The Sinking of the R.M.S. Leinster
 

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James Thomas

THOMAS, James

James Thomas was born on the 5th of July 1880 in Liverpool to Edward Thomas and Mary Ann Furlong. Both parents were born in Liverpool but Mary Ann’s family had emigrated from Ireland shortly before her birth and they were living on the same street, Raymond Street, when she and Edward married in 1875.  James was the eldest of four children, three sons and a daughter. In the 1891 census Edward Thomas gave his occupation as ‘Boiler Maker’ and his brother-in-law, Peter Furlong who was living with them, was a ‘Ship Stoker’. By 1901 the family had moved to Hornby Road, not far from Liverpool docks, so it is not surprising that James gave his occupation as ‘Dock Labourer’ and his younger brother was a ‘Rivet Lad’.

In August 1901 James Thomas married Bridget Boyd, whose widowed mother had been born in Ireland. They had five children, Edward in 1902, Bridget in 1905, Mary Ann in 1908, Annie in 1912 and Rose in 1914. In the 1911 census they were living in Silvester Street in the same area of Liverpool as he had grown up in, and James gave his occupation as ‘Sailor – Fireman’.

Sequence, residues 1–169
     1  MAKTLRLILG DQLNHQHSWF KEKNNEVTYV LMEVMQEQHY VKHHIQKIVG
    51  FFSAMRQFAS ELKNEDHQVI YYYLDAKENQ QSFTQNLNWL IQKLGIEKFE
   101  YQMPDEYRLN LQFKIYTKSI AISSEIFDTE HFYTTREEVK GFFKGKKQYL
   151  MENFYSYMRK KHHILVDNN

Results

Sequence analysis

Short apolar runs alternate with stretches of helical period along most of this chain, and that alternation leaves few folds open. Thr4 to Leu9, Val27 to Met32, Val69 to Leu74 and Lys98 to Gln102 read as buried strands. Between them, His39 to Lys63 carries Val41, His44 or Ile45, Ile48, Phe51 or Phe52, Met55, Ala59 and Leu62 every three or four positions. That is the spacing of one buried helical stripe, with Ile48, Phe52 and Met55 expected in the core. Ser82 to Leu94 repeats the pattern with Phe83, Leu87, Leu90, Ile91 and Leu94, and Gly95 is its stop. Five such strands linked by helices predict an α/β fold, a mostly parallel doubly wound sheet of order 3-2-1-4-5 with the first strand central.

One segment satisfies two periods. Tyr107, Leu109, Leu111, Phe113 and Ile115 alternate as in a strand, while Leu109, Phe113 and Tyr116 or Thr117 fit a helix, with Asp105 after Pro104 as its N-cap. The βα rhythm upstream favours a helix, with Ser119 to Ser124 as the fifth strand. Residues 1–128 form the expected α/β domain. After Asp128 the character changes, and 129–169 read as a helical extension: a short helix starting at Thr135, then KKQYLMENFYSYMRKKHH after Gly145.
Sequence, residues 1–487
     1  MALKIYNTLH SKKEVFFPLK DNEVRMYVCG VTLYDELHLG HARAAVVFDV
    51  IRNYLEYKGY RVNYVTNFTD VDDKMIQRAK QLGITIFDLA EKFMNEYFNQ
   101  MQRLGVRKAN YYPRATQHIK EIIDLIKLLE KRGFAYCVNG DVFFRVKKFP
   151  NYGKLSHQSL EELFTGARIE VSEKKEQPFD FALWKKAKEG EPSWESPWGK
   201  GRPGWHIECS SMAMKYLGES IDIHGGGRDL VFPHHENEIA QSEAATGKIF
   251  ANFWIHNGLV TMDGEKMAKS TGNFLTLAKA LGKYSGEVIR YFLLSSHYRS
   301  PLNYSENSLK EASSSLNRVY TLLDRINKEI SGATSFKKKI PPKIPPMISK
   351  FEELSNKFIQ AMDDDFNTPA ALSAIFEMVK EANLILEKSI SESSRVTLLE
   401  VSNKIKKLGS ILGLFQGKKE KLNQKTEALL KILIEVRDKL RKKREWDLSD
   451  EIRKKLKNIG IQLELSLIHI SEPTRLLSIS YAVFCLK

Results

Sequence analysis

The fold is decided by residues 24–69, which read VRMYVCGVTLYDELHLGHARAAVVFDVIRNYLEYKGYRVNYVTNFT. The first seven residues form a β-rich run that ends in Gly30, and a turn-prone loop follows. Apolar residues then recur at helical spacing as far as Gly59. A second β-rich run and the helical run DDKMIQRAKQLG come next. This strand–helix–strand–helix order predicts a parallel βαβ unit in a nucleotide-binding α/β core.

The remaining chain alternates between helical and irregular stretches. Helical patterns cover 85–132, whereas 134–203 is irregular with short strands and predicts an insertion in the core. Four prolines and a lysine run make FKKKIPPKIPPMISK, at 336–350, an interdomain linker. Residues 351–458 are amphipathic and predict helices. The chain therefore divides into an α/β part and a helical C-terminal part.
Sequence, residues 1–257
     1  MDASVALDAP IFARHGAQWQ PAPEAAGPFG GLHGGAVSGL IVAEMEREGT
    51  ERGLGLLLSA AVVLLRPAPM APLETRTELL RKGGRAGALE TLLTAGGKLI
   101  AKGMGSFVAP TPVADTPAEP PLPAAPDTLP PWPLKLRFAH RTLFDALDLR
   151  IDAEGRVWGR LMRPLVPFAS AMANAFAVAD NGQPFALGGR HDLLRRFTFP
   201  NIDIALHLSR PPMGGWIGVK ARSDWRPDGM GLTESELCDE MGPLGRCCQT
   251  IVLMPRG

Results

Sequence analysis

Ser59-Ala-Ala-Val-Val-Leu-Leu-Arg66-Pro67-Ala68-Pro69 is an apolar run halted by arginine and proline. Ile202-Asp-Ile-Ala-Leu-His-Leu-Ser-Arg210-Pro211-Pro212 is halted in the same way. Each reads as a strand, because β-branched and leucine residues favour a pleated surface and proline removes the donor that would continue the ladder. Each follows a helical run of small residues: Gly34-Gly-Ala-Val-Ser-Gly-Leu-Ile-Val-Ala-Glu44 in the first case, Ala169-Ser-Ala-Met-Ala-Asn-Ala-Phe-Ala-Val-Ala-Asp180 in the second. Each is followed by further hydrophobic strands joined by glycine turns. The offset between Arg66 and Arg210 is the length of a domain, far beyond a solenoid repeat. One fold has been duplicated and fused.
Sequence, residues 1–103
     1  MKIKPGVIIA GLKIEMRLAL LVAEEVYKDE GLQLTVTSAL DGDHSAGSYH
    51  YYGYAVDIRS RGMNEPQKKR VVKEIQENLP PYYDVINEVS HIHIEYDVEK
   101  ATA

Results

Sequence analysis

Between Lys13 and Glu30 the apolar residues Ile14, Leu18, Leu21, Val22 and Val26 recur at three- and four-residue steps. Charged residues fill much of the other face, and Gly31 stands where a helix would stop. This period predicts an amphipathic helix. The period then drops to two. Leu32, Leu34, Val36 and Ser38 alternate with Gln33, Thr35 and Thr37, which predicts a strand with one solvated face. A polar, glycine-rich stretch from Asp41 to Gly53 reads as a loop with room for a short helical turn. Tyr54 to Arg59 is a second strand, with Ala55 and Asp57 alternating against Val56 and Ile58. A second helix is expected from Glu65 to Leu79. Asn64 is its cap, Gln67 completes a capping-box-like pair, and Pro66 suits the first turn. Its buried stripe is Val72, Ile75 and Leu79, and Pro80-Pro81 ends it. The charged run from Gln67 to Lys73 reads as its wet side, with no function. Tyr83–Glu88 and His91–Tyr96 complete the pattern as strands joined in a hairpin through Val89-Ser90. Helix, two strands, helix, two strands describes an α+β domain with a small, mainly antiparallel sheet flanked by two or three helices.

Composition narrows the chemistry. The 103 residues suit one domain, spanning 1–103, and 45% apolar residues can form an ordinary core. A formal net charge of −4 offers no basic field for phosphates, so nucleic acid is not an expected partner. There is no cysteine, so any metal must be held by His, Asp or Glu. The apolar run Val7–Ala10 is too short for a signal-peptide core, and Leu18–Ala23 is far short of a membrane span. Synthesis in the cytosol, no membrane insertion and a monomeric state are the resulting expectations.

James Thomas enlisted in the King’s (Liverpool Regiment) in August 1915 and was hospitalised a year later with pyrexia while serving with the 11th (Service) Battalion (Pioneers) in France. At that time he was a Corporal. He was wounded in January 1918 when he held the rank of Sergeant. He was subsequently transferred to the 3rd Reserve Battalion which had moved to Ireland in 1917. Presumably while going on leave, he travelled on RMS Leinster on the 10th of October. He did not survive the sinking but his body was recovered and he was buried in Grangegorman Military Cemetery in Dublin.

 

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